This is a vital point to hammer home. If you do not have an organized place to work, you will descend into chaos, which will drive you straight to the mental hospital. Know where your tools are. Know what the next few steps are on any project, and have backup projects to work on when you hit a snag or finish faster than you expect. (Pro tip: You will never finish faster than you expect.)

Related: 4 HGTV-Level Upgrades to Make Your Flip Stand Out

Knowing where your tools are is a HUGE time saver. I have multiple copies of numerous tools because at some point, I couldn’t find it when I needed it, and I needed it right then and there. Somehow, I always live close to a big box home improvement store, and sometimes it’s just been easier to go buy another. Get yourself a tool belt, and wear it proudly. Be the pro you are.

Knowing the order of things to be done can also be a huge time saver — if you run into a snag with one project, your entire workday isn’t wasted. Just move on to the next phase or project until you can resume the original task.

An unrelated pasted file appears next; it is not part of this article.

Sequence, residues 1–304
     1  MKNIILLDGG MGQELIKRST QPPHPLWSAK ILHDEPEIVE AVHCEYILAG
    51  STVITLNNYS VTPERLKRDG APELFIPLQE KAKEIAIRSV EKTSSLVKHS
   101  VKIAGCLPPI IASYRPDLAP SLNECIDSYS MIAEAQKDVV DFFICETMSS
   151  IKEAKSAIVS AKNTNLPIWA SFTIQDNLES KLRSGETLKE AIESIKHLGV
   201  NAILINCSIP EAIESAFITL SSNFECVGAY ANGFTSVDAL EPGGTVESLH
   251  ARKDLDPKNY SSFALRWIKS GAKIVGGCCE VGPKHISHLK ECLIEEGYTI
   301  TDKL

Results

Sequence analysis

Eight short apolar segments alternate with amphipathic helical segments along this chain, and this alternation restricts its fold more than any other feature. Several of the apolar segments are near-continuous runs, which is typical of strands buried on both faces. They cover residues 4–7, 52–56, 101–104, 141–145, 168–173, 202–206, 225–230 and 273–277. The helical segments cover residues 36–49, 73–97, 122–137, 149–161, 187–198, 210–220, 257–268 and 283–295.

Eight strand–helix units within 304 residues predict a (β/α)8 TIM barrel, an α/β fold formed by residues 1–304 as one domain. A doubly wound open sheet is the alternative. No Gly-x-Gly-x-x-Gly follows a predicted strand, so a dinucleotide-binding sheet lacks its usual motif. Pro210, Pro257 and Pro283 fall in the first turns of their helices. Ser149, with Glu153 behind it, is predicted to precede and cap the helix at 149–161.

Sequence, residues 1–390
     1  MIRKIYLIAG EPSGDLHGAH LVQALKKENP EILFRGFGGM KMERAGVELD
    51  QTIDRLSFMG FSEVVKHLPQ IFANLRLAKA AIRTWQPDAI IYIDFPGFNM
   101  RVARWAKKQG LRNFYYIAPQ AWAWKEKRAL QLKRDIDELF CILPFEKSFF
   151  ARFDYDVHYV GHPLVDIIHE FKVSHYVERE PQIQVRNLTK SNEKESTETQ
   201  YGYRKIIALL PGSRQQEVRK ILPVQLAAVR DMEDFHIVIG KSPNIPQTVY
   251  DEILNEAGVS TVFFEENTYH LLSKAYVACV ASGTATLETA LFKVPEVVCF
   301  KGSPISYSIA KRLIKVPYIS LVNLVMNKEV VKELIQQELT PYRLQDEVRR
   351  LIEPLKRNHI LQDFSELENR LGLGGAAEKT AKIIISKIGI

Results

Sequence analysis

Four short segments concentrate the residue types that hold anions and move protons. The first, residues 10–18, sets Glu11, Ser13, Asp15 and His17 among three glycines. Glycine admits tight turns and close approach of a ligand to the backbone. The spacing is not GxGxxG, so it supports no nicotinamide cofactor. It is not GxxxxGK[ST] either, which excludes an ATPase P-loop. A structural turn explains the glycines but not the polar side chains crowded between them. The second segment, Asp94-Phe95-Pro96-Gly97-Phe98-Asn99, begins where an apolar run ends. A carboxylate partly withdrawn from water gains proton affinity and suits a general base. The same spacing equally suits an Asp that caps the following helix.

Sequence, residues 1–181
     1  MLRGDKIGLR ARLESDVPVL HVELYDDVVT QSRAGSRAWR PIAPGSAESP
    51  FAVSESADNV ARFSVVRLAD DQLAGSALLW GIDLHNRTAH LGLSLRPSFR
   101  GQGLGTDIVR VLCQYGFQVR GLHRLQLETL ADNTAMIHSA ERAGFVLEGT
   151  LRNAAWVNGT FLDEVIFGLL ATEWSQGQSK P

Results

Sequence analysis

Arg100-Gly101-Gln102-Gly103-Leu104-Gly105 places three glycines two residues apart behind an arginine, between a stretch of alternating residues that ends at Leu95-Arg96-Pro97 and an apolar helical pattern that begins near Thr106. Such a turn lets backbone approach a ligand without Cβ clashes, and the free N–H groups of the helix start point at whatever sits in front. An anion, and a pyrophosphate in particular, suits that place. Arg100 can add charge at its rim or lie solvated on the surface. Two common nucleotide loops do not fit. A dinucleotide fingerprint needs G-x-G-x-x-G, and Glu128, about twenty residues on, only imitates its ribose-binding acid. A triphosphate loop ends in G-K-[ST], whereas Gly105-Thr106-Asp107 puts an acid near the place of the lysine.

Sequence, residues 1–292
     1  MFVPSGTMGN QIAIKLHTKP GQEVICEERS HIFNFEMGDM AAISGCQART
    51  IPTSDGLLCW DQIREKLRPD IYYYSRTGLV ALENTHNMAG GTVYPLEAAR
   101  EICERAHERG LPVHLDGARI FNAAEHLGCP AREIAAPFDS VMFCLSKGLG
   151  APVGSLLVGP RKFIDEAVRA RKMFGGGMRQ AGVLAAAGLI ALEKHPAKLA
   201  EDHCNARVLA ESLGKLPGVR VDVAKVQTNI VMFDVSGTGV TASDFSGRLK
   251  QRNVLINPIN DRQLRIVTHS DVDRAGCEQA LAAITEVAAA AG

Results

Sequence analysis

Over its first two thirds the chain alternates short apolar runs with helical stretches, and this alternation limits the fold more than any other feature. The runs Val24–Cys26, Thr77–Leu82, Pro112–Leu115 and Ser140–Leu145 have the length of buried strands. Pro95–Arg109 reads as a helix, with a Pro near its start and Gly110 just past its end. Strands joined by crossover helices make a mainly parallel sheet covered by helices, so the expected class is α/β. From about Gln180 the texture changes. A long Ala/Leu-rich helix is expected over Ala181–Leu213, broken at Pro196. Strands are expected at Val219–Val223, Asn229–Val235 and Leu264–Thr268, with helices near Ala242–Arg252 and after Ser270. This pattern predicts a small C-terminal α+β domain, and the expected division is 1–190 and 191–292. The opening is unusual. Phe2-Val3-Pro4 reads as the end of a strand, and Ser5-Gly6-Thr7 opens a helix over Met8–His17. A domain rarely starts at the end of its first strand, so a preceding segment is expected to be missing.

Prepare for demolition and drywall mess.

OK, this is kind of a misnomer because there is no way to prepare for the level of mess that demolition and drywall creates. Think of a toddler with an open bottle of baby powder. Times a million.

You can tape and tarp as much as you want, but drywall dust will get everywhere. When you tear down the old, the dust gets into every crack and crevice you didn’t even know you had. When you put the new drywall up, the mess finds all new cracks and crevices you didn’t know you had. In fact, drywall is one of the jobs I recommend hiring out. They do it better and faster than you, for slightly more than it would cost you in materials alone. Honestly, it would be a bargain at 12 times the price.